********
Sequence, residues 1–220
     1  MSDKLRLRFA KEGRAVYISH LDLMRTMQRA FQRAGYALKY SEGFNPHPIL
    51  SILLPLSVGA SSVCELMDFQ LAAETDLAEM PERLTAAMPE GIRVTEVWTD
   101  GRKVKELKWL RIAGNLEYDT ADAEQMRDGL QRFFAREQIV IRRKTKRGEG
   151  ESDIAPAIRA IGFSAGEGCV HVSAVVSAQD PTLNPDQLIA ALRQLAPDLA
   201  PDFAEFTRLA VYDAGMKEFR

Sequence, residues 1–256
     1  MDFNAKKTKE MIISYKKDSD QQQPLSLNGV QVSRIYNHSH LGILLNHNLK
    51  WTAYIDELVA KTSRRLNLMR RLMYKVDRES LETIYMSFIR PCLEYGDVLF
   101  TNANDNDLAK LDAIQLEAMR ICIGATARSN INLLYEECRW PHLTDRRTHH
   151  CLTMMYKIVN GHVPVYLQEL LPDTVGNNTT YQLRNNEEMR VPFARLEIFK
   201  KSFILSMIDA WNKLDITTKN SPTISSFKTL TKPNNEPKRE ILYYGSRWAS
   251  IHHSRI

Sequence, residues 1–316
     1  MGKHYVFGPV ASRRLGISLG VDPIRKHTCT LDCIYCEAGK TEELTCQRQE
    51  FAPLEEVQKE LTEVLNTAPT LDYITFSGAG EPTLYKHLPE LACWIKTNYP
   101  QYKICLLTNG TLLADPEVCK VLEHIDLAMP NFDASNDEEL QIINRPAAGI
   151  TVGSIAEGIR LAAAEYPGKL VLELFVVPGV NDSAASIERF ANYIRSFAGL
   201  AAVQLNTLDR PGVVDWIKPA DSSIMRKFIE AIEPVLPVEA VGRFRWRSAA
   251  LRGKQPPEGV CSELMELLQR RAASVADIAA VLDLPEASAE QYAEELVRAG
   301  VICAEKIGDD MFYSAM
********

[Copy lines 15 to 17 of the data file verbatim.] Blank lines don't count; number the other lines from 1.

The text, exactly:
     1  MGKHYVFGPV ASRRLGISLG VDPIRKHTCT LDCIYCEAGK TEELTCQRQE
    51  FAPLEEVQKE LTEVLNTAPT LDYITFSGAG EPTLYKHLPE LACWIKTNYP
   101  QYKICLLTNG TLLADPEVCK VLEHIDLAMP NFDASNDEEL QIINRPAAGI